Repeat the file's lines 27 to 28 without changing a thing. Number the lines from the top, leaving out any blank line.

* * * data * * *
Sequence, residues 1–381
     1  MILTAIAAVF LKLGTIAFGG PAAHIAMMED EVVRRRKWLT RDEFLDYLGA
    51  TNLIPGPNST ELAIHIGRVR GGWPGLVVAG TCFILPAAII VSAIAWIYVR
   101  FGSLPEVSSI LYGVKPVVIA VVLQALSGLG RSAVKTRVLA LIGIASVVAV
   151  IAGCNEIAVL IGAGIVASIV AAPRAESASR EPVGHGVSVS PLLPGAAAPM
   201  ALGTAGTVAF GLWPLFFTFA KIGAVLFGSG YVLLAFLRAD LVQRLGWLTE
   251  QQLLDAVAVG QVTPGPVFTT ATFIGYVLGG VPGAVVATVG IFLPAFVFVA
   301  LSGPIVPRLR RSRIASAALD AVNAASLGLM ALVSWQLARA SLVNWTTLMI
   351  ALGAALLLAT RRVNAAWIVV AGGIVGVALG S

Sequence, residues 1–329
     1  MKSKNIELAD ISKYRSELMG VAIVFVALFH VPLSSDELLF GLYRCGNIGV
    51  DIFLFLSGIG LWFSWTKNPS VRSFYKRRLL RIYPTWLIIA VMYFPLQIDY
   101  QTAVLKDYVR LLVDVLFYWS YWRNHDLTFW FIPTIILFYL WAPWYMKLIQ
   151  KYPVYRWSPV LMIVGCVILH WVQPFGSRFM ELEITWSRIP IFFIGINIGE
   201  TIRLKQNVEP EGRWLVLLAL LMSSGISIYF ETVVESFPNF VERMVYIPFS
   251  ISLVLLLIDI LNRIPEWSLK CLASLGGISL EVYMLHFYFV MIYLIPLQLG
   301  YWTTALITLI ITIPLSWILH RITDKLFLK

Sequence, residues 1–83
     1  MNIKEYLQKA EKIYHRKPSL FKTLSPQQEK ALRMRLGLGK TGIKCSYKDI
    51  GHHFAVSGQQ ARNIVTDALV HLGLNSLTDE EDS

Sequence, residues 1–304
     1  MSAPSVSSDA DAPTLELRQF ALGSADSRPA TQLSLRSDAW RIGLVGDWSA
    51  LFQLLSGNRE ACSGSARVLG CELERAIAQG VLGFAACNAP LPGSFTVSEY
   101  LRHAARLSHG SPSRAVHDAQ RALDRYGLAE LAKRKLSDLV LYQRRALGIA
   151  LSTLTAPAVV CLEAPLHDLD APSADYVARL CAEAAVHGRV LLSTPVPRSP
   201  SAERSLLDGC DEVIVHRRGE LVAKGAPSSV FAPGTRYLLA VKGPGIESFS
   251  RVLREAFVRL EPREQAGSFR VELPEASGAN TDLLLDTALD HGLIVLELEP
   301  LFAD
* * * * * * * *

   251  RVLREAFVRL EPREQAGSFR VELPEASGAN TDLLLDTALD HGLIVLELEP
   301  LFAD